The Venezuelan people’s battle for freedom from corruption, hunger, and socialist tyranny continues.
Unfortunately for Venezuela, that fight looks to be nowhere near over and may not be for some time. Unless the opposition steps up the pressure dramatically — and relentlessly — and unless tangible outside help arrives soon, Maduro will remain in power.
After the first tumultuous days when hundreds of thousands of Venezuelans took to the streets to support the courageous declaration as interim president by opposition leader and National Assembly president Juan Guaidó, and many countries (including the U.S.) quickly backed him, enough of the National Bolivarian Armed Forces of Venezuela remain loyal to the Maduro regime that its grip on power has not yet been seriously shaken. The January 24, 2019, pledge of support from the hopelessly corrupt Defense Minister Vladimir Padrino and key members of the Venezuelan top brass assured Maduro that the military was still under his control (and patronage).
Guaidó has offered amnesty to soldiers who defect to his side and U.S. Secretary of State Mike Pompeo promised more than $20 million in humanitarian aid to Venezuela at a January 24 special meeting of the Organization of American States (OAS); Pompeo also called on the 15-member United Nations Security Council (UNSC) on January 26 to “stand with the forces of freedom.” At the same time, though, Maduro regime support from China, Cuba, Hizballah, Iran, and Russia demonstrates the global character of the struggle against oppression and tyranny. Some of Maduro’s support has economic implications — Cuba receives some 50,000 barrels of Venezuelan oil a day and both Beijing and Moscow have extended billions in credit to the Maduro regime — but an even more important frame of reference is the seemingly perpetual conflict between those who would dominate the human spirit (communism/socialism, fascism, Islamic supremacism) and those who fight for the right of the individual to live free.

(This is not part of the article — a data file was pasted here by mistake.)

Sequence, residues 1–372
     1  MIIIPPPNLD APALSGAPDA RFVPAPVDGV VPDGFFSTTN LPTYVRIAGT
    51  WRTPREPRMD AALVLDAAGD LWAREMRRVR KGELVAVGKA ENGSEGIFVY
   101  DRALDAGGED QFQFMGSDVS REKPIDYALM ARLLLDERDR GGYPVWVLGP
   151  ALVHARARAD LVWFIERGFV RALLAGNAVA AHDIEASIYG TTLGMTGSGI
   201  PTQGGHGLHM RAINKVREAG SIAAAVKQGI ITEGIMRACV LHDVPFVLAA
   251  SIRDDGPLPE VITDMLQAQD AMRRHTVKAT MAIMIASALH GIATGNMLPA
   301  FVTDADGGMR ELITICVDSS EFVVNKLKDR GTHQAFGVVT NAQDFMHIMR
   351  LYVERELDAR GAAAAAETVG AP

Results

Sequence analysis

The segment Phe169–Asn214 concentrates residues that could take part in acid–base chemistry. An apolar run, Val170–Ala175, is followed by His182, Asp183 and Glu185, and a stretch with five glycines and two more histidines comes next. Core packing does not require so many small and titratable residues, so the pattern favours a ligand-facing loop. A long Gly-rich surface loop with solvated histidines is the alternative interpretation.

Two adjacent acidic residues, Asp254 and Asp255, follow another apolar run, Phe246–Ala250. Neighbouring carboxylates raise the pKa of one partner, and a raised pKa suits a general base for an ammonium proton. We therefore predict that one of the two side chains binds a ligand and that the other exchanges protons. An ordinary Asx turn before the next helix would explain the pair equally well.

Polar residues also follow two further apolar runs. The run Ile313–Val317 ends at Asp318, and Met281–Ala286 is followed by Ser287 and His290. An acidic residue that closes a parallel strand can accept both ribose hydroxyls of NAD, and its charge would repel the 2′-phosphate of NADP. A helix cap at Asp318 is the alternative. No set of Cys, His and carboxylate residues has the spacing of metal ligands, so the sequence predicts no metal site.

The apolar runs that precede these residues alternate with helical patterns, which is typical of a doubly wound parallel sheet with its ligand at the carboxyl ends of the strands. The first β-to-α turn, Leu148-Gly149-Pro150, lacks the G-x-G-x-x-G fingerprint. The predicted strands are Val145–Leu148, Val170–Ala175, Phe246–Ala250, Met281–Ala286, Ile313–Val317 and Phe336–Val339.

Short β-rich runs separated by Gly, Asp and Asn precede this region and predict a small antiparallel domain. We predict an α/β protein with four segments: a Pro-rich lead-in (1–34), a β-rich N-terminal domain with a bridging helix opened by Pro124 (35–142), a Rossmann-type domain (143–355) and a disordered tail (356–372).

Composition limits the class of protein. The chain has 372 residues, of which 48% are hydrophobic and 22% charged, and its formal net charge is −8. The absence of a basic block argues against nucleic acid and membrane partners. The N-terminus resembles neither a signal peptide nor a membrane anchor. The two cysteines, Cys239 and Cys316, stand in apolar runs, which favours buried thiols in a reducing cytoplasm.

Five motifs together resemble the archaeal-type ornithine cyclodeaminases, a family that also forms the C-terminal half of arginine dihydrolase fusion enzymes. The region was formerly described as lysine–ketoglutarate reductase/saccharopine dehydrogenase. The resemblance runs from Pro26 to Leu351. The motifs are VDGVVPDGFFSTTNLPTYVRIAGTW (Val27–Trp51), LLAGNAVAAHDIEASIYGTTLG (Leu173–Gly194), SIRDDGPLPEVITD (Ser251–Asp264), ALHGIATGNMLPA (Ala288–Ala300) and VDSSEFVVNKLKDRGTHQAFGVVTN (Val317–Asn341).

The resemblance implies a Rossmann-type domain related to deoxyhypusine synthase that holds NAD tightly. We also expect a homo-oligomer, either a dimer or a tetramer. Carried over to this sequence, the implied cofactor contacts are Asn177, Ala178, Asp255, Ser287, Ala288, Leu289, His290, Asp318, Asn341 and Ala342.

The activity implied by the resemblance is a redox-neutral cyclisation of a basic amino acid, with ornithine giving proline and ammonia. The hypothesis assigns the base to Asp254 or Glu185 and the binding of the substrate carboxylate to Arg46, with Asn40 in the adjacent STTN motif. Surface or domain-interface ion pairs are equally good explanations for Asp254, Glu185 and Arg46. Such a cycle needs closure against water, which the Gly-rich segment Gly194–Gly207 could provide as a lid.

Whether the forces that seek to crush individual liberty prevail in the end, in Venezuela or globally, depends on multiple factors. Of key importance in Venezuela are the willingness of the military to continue obeying regime orders and any decision about calling out Cuban, Iranian/Hizballah, or Russian security forces to preserve Maduro in power. The Trump administration’s calculated ratcheting up of pressure (diplomatic, financial, and perhaps more) against Maduro (as well as his supporters in Havana and Moscow), in coordination with tangible support to Guaidó and offers of amnesty or lenient treatment for senior regime officials will all help tip the balance.
In the end, though, the irrepressible will of human beings to be free will matter more than the OAS, UNSC, or any other organization. Unfortunately, too, it is more likely than not that the end of the Maduro regime will be chaotic and violent rather than orderly or voluntary. Its eventual replacement seems inevitable, though, and a victory for the Venezuelan people will likewise be a victory for human liberty everywhere.
This column was originally published at Newsmax
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